A Guide to FEMA Technical Bulletins
FEMA publishes 11 technical bulletins that clarify and explain some aspects of local floodplain management regulations. The technical bulletins are often unknown to floodplain administrators, so this article helps explain the contents of each technical bulletin and when they might come in useful in certain floodplain development situations.
Floodplain Administrators' Roles in Disasters
After a flood or other major disaster, floodplain administrators may have a big and important role to play. Every ordinance contains a provision for buildings that are substantially damaged (by more than 50% of pre-damage value) and require them to be elevated to current compliance levels. This article explains that provision and outlines the appropriate steps that should be taken after a disaster to prepare a community for rebuilding.
Increased Cost of Compliance Coverage
Following up on the article above, the buildings that are required to be elevated after being flooded may cost a homeowner a substantial amount of money. If they are insured through the NFIP, there is a portion of their policy that provides up to $30,000 to elevate, demolish, or remove a structure that has to be brought into compliance. Floodplain administrators play a role in helping a policyholder access that money and this article explains the process and what local officials need to know.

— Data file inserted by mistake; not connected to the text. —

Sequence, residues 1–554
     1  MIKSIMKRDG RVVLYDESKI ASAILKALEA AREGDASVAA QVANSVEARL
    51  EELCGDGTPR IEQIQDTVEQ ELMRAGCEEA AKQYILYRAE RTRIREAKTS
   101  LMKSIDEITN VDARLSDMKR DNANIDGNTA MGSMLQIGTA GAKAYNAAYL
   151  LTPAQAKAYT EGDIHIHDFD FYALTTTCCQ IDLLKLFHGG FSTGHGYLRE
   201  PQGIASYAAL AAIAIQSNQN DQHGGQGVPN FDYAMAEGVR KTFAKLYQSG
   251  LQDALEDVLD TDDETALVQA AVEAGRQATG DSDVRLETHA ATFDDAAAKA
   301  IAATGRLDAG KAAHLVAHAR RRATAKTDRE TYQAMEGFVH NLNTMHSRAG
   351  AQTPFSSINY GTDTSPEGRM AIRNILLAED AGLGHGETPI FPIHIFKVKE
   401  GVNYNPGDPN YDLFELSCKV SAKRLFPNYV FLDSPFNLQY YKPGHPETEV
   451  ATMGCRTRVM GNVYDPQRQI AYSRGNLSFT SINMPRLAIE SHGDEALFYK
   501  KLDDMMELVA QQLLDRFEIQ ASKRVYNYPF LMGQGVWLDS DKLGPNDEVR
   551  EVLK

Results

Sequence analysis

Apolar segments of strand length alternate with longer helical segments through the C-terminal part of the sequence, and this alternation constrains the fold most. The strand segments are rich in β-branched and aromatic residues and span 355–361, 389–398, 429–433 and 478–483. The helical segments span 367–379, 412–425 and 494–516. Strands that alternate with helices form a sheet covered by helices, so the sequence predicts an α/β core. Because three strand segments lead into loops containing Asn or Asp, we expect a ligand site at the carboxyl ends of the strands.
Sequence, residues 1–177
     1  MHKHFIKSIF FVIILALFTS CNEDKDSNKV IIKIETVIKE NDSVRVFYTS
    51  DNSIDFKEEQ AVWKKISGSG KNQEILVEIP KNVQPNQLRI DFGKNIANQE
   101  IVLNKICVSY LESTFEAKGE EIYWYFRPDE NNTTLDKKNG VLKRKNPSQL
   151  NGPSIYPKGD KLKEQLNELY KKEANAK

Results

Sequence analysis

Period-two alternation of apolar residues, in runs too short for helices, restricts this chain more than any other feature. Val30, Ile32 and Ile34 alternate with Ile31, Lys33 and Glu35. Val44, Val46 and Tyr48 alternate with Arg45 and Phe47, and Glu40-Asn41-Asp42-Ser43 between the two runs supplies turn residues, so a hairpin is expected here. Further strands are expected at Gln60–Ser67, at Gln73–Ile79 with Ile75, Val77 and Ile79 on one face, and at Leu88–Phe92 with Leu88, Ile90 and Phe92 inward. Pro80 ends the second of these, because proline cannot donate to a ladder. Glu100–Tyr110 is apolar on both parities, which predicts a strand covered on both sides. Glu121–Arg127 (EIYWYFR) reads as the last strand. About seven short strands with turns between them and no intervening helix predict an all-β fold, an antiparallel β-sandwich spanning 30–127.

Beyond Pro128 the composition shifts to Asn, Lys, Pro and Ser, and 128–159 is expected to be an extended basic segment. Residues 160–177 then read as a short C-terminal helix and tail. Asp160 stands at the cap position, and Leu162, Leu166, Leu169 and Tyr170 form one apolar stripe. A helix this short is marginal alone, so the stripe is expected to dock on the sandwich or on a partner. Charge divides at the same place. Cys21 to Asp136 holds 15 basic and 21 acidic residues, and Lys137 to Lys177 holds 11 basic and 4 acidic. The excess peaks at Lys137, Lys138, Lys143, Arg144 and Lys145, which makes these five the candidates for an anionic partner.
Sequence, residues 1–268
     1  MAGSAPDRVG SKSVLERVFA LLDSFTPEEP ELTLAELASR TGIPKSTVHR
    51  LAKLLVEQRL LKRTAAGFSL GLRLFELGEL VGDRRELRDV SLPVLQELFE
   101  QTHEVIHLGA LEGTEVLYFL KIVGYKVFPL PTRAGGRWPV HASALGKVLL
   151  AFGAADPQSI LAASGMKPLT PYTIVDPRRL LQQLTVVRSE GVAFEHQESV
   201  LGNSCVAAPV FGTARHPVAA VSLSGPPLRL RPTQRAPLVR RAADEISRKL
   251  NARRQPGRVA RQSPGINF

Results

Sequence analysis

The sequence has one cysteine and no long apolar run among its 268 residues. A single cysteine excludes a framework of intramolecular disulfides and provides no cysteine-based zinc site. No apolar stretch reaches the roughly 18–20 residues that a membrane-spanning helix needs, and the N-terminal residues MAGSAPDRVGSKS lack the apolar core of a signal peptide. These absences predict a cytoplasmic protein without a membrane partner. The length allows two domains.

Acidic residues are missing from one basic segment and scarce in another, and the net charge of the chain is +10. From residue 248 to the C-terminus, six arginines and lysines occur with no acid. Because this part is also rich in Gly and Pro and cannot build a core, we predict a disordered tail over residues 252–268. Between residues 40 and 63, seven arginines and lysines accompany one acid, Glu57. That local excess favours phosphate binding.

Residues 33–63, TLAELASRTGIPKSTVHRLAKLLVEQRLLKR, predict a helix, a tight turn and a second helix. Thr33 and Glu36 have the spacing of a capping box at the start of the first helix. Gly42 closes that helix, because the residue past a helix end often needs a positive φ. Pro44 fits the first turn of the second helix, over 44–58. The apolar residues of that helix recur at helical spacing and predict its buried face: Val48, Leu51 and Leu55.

Violations and Enforcement: Part I
Often, floodplain administrators will encounter violations of their local floodplain management ordinance. These can be difficult situations to deal with and will require an established process, in addition to patience and empathy toward the property owner. This article is the first part of a series on dealing with violations.
Violations and Enforcement: Part II
This article follows up from the article above and highlights some enforcement solutions that community officials can use to help achieve compliance.
Many communities see property owners wanting to construct sheds and other low value structures on individual lots. Floodplain management regulations can complicate these low value structures and often make them prohibitive to build. FEMA Region VII has provided guidance on creating a separate class of buildings that can be added to a local ordinance to allow appurtenant (or accessory) structures to be constructed with the lowest floor below BFE with appropriate flood venting.
Grandfathering and the Newly Mapped Procedure
This article covers grandfathering in flood insurance and good information for floodplain administrators. The article also covers "newly-mapped policies," which are relatively new to the NFIP that allow policyholders to obtain a newly-mapped policy when a new FIRM goes into effect to lessen the impact of an increase in flood insurance premiums.
Requesting Information for an Approved LOMA
Property owners often have LOMAs on their property and want to do further work to the buildings on site. Floodplain administrators often need a tool to check which part of the property has been removed from the SFHA in order to ensure floodplain management regulatiosn are being met. This article covers how floodplain administrators can go about obtaining the supporting data in LOMA submittals.